Mel, the Vegas Ghost was in a rare mood as we made our way to the next mini-table target. He had just hung up the phone from talking to the current Mrs. Vegas Ghost. She is wife number-four or is it five? Well, let’s just say that she is Mel’s wife-du-jour. Anyway, she was obviously annoyed at discovering that Mel had yet one more young lady-friend on the side. She had implied that perhaps it was time for her to get a little somethin’ somethin’ goin’ on.
Somewhat sardonically, Mel asked, “Do you know what the difference between a wife and a girlfriend is?” When I shook my head, he replied, “About 45 pounds!” I gave a little smile that stayed on my face for a thoughtful moment, then said, “I’ll bet your wife is about to find out the difference between a husband and a boyfriend.” He relied with a curious, “What?”, and wasn’t pleased with my disdainful answer when I said, “Oh, about 45 minutes!”
He sulked in silence until we parked and walked into:
Barleys Casino & Brewing Company
Where Is It?
This casino is situated out in Henderson, and is located inside the Green Valley Town Center at the corner of Sunset Road and Mountain Vista Avenue. Don’t let the fact that it is located in a shopping plaza turn you off from checking it out. It’s about a 10-minute drive from the southern end of the Strip, and as you’ll see in a moment, their mini-tub table is well worth the small effort to get there.
Barleys Casino & Brew Pub is part of the Station Casinos family of gaming operations. Unfortunately, the standard Boarding Station players-card is not currently useable there, but comps are nonetheless quite easy to come by.
What Is It Like?
Although Henderson is the fastest growing city in the United States, it still has a laid-back and relaxed feel to it. The locals seem to go to sleep early and rise even earlier. Perhaps that is a sign of industriousness, or more likely they are keen to get up early just to see how much the population has grown overnight, or more so, to see how much their property value has risen in 24 hours. Housing prices in Henderson are rising faster than the water-level in the Titanic’s Grand Ballroom.
If ever there was a stereotypical example of cookie-cutter curva-linear neighborhood designs; then Henderson would top the list. Nearly every house, every roofline, every yard, and every street looks virtually the same. Don’t get me wrong, this is a clean, well-maintained little city, but it looks as if the automaton Stepford Wives designed and furnished it all. The saccharin sameness of Marley-tiled roofs and white-stuccoed exterior walls is close to nauseating. Fortunately, Barley’s gaming opportunities are FAR from sickening, so let’s move on to that.
As soon as you walk in, you know that you are no longer in Las Vegas. In fact, if Kansas had dice tables, then you, Dorothy and Toto would feel right at home. While there is a smattering of neon and the constant clank, plink and ringing of slot machines, it has the feel of a tarted-up neighborhood bar that would be right at home in Topeka, Lawrence, Wichita or Leavenworth.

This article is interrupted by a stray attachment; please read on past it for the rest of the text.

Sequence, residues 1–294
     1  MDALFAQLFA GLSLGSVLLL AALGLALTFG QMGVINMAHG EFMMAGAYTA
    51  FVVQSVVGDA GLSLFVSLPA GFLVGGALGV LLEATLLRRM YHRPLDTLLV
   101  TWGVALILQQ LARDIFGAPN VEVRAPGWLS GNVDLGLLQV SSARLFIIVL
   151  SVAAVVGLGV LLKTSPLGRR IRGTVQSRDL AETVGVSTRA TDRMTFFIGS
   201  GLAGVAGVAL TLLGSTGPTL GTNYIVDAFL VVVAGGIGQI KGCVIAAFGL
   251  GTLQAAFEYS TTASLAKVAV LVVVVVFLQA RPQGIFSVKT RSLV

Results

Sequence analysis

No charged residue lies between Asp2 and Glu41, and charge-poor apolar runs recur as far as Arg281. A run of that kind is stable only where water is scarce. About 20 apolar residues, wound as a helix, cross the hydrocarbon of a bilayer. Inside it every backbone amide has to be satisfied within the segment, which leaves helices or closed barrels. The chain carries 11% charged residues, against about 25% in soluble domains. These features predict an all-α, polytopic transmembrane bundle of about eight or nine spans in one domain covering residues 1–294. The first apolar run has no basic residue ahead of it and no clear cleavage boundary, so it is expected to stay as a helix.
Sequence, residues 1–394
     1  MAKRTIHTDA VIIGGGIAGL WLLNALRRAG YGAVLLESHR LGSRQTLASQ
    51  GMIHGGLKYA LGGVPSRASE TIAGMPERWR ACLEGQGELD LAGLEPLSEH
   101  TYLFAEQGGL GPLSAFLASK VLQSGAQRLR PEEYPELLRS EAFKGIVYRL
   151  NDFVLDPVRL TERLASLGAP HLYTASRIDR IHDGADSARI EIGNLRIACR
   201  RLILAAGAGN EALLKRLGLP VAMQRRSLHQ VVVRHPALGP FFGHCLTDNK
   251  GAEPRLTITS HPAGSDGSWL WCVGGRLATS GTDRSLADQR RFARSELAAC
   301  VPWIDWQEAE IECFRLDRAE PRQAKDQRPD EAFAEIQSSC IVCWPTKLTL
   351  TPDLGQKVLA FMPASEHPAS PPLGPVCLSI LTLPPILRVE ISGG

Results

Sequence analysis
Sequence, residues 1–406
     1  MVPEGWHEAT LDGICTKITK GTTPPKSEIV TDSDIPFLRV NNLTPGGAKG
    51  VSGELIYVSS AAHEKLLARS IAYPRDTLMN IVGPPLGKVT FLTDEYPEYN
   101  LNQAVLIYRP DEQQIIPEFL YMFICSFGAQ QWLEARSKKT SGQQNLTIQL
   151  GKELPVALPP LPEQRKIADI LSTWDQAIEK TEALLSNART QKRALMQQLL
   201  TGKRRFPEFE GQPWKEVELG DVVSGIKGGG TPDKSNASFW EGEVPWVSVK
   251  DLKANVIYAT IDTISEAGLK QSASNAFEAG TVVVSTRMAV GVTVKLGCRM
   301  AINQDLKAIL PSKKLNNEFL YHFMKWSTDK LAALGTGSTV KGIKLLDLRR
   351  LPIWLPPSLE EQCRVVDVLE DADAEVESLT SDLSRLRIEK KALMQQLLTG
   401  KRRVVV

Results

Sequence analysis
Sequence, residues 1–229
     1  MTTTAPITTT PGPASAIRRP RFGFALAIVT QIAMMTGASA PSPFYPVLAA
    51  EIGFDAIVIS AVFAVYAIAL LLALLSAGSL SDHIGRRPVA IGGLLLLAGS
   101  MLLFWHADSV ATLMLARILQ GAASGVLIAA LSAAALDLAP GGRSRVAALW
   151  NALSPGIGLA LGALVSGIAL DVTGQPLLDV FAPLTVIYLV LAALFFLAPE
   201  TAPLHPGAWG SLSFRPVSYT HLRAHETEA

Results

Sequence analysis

In fact, Barleys reminds me of the (non-craps) mini-casinos in Blackhawk, Central City and Cripple Creek, Colorado. It is small, vibrant and upscale in a non-fussy, but still yuppified style. The fact that it just happens to have some gambling going on doesn’t detract from the comfortable surroundings, it just adds to them. Okay, so it has A LOT of gambling going on, but it does so in a tranquil, more genteel, less garish and less “Vega$”, sort of way.
Although I don’t dress like a tourist, Mel and I seemed to stand out like two hired gunslingers who came to clean up the town, or perhaps they thought we came to CORRUPT the town. In either case, everyone knew that we weren’t typical Hendersonians.
Although Mel doesn’t live that far away from this particular casino, he rarely stops in, and he DEFINITELY does not look like a regular guy, unless you are talking about one of the regular guys that central casting would send over for Martin Scorsese’s latest mob film. I, on the other hand, do stop in here on a fairly recurring basis. It’s not often enough to be recognized by all of the regulars, but it’s more than often enough for the table-crew to ALWAYS remember me, no matter how long it’s been since my last stopover.
Barleys craps table is full of locals who play each and everyday, and don't take a hankerin' to any strangers who want to muscle in on the fine dice-action in these here parts of lovely Greater Metropolitan Henderson (population 175,000, and growing by 15% this year, and a compounded rate that is closer to 25%). You would think that with that level of growth, new faces would be a common occurrence. However, the railbirds at Barleys carefully regard and study any new players. I guess they figure that a good lookin’ new guy in town might make their women-folk swoon too much.
On the other hand, amongst the locals are a handful of astute players who know what they are doing with both the dice and their betting-methods. I’ll make a rough estimate, and say that there are perhaps a dozen or so Precision-Shooting guys from Henderson and environs, who frequent the southern-tier casinos (Sunset Station, Rancho-Henderson, Jokers Wild, Barleys, Hyatt Regency LLV, Ritz-Carleton LLV, Green Valley Ranch, Railroad Pass, Eldorado, Terrible’s, Hacienda, Silverton, etc.), and MAKE A LIVING from playing craps. Some are ultra-grinders and some are highly-skilled Precision-Shooters.
The more time that you spend with the same dicesetting players, the quicker it becomes clear just who has true Precision-Shooting talent, and who is hoping against hope that the dice will randomly turn lucky for them. You can certainly determine the “skilled” ones from the “talentless” ones in fairly short order.